Thoughts on Obsessive Thoughts: Nothing is as Important as You Think it is, While You’re Thinking About It

I still remember their names to this day: classmates of mine from seventh and eighth grade. I envied their athletic prowess and basketball self-confidence playing on the asphalt behind St. Rita Grammar School.  I’ll bet I thought about them and their talent nearly every day and probably wished as often I could be just like them.  There have been many times in my life that I have been so caught up as well by an idea (marketing employee assistance programs in 1985) or an event (not getting into DePaul University in fall 1973).  This kind of thinking has often struck me as merely and stubbornly obsessive.  I came across another explanation recently that I find more compelling and freeing.

Daniel Kahneman, a psychologist at Princeton University, describes this cognitive distortion as a Focusing Illusion, namely “Nothing in life is as important as you think it is while you are thinking about it.”  I invite you to recall two or three times in your life where you may have been so lasered in with concentration on something and test out whether it still matters to you today with the same importance.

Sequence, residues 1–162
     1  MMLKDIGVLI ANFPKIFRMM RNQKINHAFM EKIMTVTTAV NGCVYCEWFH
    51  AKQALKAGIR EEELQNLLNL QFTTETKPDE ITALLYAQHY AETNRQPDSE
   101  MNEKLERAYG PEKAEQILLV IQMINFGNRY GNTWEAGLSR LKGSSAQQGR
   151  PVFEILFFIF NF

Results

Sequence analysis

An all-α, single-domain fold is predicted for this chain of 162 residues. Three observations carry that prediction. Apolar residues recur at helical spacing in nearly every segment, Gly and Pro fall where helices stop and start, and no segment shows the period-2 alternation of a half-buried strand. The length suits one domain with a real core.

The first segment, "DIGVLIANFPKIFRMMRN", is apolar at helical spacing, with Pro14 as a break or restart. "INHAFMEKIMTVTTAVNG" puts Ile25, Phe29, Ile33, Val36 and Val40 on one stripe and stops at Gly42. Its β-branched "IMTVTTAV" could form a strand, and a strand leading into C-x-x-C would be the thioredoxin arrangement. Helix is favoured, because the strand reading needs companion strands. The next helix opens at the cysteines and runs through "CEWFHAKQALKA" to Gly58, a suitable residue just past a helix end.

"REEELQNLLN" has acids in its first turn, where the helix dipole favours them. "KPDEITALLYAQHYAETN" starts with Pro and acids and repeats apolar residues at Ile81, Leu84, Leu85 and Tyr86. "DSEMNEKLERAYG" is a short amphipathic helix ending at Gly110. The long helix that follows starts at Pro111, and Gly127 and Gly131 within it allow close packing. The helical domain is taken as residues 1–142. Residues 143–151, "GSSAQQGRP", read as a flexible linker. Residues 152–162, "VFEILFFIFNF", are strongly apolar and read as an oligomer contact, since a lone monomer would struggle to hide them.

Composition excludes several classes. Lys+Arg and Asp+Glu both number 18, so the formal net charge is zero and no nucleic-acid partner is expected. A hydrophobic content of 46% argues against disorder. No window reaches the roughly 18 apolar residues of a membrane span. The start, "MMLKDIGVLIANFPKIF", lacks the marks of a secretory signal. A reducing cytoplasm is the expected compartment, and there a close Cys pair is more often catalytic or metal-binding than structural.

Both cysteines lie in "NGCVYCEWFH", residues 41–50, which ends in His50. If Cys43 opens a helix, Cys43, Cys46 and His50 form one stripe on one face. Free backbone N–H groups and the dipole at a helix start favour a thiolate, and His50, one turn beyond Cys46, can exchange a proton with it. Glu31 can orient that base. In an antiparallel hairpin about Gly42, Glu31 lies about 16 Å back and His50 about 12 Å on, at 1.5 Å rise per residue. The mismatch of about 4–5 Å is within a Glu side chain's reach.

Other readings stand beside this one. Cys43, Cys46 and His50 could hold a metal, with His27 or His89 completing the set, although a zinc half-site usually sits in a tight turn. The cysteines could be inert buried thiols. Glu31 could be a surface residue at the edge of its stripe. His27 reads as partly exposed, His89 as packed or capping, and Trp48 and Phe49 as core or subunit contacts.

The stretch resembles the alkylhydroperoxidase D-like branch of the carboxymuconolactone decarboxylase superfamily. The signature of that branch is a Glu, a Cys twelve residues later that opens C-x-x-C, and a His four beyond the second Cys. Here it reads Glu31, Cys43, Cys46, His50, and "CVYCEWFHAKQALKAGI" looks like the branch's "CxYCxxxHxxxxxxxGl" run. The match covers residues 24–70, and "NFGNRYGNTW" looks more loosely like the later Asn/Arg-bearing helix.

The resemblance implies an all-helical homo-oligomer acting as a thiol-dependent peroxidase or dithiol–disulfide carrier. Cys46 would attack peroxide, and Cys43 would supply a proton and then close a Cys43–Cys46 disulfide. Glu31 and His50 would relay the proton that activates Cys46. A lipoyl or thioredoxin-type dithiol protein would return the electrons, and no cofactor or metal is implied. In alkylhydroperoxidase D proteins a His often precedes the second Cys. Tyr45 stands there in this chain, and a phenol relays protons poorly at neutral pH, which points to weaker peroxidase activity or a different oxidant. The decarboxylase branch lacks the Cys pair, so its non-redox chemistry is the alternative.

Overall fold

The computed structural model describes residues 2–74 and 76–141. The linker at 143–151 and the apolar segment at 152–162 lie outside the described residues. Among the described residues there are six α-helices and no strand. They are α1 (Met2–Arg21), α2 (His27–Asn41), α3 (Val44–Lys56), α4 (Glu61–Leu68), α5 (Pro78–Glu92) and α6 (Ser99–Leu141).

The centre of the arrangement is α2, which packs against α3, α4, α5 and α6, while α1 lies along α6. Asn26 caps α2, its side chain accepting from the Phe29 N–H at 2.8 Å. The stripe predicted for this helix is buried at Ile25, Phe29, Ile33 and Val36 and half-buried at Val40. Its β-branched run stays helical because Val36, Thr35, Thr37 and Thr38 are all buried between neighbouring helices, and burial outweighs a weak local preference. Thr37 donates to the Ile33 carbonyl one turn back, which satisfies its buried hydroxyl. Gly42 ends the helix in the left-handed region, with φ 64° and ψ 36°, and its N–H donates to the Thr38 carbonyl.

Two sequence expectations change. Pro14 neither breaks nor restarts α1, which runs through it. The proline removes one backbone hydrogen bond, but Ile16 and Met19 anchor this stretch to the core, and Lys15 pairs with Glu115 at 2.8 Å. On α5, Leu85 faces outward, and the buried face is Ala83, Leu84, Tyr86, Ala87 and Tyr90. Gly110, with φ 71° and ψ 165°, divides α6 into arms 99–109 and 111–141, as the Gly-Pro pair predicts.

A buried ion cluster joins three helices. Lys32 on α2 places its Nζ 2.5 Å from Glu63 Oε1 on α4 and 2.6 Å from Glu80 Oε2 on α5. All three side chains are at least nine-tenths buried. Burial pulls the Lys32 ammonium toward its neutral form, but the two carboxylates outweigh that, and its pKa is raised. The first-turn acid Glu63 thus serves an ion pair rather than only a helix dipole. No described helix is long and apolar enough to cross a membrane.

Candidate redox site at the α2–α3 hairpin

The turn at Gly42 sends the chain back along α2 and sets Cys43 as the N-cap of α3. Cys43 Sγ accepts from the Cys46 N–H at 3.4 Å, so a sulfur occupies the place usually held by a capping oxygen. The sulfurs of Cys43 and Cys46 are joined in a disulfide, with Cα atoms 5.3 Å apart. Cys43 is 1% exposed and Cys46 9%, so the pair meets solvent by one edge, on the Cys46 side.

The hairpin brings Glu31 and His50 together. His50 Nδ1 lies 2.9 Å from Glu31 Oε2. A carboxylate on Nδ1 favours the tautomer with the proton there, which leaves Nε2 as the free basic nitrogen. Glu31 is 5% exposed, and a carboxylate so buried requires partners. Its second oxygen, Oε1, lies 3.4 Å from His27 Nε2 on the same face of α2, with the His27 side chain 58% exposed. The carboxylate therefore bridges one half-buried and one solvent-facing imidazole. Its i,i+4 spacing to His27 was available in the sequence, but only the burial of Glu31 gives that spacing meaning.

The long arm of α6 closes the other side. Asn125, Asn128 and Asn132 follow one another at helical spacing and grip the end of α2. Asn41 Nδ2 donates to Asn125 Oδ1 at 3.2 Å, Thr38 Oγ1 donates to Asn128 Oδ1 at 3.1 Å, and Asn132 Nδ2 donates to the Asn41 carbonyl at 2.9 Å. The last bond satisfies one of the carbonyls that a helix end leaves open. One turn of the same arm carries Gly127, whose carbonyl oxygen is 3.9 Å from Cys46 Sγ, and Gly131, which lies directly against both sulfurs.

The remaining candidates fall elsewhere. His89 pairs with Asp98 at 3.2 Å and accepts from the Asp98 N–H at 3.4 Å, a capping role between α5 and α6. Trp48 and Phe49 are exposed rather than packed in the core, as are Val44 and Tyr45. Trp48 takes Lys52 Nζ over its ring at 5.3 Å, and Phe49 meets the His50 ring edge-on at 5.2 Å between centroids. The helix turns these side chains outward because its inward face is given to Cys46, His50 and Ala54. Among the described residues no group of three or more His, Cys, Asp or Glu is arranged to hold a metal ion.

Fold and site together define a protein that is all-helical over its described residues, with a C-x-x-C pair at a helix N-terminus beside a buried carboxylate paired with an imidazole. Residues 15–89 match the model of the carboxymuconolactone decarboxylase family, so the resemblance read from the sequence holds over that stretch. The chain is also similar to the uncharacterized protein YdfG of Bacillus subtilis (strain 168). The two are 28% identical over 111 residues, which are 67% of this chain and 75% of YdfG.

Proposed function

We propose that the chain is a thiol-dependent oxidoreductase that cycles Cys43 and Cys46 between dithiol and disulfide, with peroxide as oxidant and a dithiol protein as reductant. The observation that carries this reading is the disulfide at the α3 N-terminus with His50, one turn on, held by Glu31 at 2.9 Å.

In treating depression and anxiety issues, I have found this kind of sticky preoccupied thinking present.  Using Kahneman’s observation both respects the thinker and dislodges the thought.  I have not found successful ways to argue myself or others out of strongly held viewpoints.  I think intentionally remembering that whatever we obsess about as “true and forever” will be so until we think about something else.

On a minor note, if you have not heard The Moth storytelling radio show on NPR, I’d recommend it.  The show presents true stories told live.  I know when I hear it, it gives me something else to think about.

Till the next line…

David

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